Lyft bathroom transgender signIn thinking about the workplace and the importance of everyone feeling seen and accepted for who they are, the role of human resources has never been more pivotal or challenging, especially in an era in which we are all (hopefully) learning more every day about what it means to be gender nonbinary or trans, for example, how deeply personal and consequential identity is, and how damaging insensitivity to this can be.

HR most definitely needs to ensure that acknowledging and accommodating gender fluidity is about so much more than adding a third (or fourth) check box option to standard forms. But building and sustaining a culture in which feeling a sense of belonging is the real deal rather than a buzzy catchphrase takes a lot of commitment and hard work.

So, what are other ways that organizations are responding (or not) to the issue of identity in the workplace, and what’s ahead?

Among those survey participants who told us that their organizations recognize the need to respond to gender identity concerns, the following practices make up the top five that are currently in place or planned to be within the year:

  • Include gender identity or expression as a protected category in firm-wide non-discrimination and anti-harassment policies (97%)
  • Incorporate education about gender identity and gender expression in diversity and Equal Employment Opportunity compliance training programs (96%)
  • Institute gender-neutral language in all HR policies (89%)
  • Institute gender-neutral language in internal corporate communications (86%)
  • Establish gender transition guidelines that delineate responsibilities and expectations of transitioning employees, their supervisors, colleagues, and other staff (72%)

Organizations are not yet widely including gender identity (e.g., nonbinary/trans) in their employee demographic tracking—just 28% currently do so. But some said that their organizations are exploring ways to incorporate this into their tracking soon, noting that they anticipate that the U.S. Equal Employment Opportunity Commission will eventually amend its annual EEO-1 reporting form to include options for nonbinary individuals, and they want to get out in front of that by starting to track this data internally now.

Leverage employee groups to help build a culture that welcomes everyone

Having an LGBTQ resource group is critical to building and sustaining an inclusive culture, but while an overall 44% of those surveyed said that their organizations currently have such employee groups or plan to start one within the year, just over half (51%) said that their organizations don’t have LGBTQ groups and have no plans to start one.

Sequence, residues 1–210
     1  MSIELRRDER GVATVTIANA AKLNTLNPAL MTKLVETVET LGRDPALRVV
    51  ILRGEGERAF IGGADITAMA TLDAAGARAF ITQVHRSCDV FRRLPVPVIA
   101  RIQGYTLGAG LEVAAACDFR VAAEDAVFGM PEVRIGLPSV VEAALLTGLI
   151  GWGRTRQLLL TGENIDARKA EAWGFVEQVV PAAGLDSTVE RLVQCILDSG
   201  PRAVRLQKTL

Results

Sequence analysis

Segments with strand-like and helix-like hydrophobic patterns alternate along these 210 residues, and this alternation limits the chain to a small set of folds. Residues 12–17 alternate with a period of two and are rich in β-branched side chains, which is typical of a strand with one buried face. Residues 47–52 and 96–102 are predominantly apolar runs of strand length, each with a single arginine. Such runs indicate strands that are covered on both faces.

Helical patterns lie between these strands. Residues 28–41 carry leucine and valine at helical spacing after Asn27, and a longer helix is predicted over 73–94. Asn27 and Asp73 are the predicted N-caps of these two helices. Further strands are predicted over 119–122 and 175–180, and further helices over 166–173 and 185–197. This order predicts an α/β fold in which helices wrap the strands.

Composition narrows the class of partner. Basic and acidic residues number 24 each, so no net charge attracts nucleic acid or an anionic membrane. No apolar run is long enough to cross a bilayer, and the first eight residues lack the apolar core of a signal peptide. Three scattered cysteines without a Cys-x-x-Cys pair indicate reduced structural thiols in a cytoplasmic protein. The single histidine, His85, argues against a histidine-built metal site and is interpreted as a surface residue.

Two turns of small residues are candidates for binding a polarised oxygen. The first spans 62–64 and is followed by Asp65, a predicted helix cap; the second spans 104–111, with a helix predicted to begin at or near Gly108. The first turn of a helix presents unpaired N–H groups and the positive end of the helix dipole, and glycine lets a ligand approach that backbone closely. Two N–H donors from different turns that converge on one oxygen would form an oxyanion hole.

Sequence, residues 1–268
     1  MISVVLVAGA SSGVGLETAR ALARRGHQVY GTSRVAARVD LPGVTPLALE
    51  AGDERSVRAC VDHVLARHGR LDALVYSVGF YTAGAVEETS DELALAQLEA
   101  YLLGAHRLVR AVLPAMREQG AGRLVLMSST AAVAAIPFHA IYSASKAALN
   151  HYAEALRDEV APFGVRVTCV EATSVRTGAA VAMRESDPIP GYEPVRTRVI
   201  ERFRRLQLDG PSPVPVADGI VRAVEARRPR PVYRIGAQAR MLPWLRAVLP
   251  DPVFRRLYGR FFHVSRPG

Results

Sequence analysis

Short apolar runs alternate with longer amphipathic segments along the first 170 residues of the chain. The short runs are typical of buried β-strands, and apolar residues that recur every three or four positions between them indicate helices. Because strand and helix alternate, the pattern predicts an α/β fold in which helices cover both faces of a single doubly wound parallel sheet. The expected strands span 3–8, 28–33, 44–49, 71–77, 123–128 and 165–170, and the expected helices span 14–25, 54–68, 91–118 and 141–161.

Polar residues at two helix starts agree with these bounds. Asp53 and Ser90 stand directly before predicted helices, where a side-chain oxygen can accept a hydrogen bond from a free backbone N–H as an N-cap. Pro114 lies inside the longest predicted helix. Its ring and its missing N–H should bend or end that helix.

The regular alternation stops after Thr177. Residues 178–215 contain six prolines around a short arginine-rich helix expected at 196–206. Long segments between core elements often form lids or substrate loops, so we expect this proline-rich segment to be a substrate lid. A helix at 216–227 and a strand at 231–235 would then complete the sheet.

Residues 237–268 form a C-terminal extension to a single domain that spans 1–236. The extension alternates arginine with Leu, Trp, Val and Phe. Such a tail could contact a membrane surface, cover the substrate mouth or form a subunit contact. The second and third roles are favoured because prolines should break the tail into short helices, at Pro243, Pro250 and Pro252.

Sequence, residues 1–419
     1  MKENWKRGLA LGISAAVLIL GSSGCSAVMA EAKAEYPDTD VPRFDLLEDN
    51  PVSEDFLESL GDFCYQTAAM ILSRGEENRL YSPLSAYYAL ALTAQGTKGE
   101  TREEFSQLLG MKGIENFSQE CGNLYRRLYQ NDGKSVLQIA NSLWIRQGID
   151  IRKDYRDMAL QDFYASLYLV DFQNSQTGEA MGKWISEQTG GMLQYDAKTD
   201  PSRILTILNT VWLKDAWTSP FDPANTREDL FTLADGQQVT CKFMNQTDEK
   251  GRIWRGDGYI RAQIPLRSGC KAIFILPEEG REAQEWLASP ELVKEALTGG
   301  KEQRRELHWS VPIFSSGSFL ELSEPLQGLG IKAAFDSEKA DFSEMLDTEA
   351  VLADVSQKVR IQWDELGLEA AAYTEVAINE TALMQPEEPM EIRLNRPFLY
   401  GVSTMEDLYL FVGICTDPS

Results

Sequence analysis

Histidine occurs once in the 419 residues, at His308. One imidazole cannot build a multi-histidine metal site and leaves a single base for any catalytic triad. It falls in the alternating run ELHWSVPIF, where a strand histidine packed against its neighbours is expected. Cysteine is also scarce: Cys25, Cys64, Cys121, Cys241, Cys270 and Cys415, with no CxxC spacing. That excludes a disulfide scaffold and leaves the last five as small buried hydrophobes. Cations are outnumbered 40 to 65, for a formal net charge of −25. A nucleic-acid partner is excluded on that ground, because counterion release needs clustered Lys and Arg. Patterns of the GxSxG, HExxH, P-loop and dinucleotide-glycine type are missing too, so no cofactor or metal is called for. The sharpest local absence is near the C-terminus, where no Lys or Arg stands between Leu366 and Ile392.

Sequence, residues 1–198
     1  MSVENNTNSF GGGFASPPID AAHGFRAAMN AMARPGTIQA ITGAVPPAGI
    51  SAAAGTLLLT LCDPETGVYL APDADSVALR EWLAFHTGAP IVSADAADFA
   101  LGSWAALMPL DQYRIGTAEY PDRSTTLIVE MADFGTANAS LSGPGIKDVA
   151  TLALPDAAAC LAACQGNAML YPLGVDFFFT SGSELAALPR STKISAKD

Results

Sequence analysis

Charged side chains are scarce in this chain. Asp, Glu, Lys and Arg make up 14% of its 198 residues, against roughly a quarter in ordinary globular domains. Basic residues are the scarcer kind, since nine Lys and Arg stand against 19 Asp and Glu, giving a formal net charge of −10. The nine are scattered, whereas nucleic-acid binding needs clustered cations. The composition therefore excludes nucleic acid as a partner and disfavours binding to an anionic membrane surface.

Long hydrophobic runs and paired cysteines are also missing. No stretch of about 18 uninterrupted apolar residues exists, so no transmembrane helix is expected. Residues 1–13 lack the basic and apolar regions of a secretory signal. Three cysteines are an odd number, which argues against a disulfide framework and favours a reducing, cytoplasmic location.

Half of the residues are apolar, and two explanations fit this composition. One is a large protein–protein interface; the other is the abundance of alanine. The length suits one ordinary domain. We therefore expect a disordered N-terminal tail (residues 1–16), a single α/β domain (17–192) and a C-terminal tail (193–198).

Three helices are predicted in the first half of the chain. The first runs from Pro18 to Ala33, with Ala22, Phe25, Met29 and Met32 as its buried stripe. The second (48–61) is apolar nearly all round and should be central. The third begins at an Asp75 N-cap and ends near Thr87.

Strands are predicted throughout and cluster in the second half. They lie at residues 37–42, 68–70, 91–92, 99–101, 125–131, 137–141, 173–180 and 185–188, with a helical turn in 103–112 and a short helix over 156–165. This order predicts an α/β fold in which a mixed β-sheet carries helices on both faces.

The numbers are a little bit better when we looked at larger employers (again, those that employ 1,000+ people).

Gender Fluidity

Clearly, larger organizations recognize the value and power of LGBTQ employee groups, which can be absolutely essential to helping to address gender and identity issues in the workplace in real time.

In these companies, employee groups are overwhelmingly (70%) relied upon to identify and surface important issues and needs and provide leadership, guidance, and support in addressing them through advocacy, education, and policy change.

Gender Fluidity

LGBTQ employee groups can also help (if they choose to, this should not be expected) to provide guidance on decisions such as where to begin incorporating the usage of pronouns, for example in email signatures, social media bios/profiles, on business cards, conference nametags, in introductions at meetings or workshops, speaking engagements, etc.  

It is of course we who decide who we are, how we identify, and how we express our identities. But in order to truly thrive at work, most of us need to feel comfortable being who we are. Employers need to figure out a way to make this possible.

View the results of the survey here (i4cp member's only). 

Lorrie Lykins
Lorrie is i4cp's Vice President of Research. A thought leader, speaker, and researcher on the topic of gender equity, Lorrie has decades of experience in human capital research. Lorrie’s work has been featured in the New York Times, the Wall Street Journal, and other renowned publications.